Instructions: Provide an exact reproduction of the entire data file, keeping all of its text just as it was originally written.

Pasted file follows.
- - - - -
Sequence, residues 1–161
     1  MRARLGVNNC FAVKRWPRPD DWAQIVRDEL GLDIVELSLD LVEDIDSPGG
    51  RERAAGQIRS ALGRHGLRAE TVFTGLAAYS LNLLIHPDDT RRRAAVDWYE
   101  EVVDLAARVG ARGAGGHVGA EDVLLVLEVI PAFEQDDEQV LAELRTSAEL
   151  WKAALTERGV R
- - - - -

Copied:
Sequence, residues 1–161
     1  MRARLGVNNC FAVKRWPRPD DWAQIVRDEL GLDIVELSLD LVEDIDSPGG
    51  RERAAGQIRS ALGRHGLRAE TVFTGLAAYS LNLLIHPDDT RRRAAVDWYE
   101  EVVDLAARVG ARGAGGHVGA EDVLLVLEVI PAFEQDDEQV LAELRTSAEL
   151  WKAALTERGV R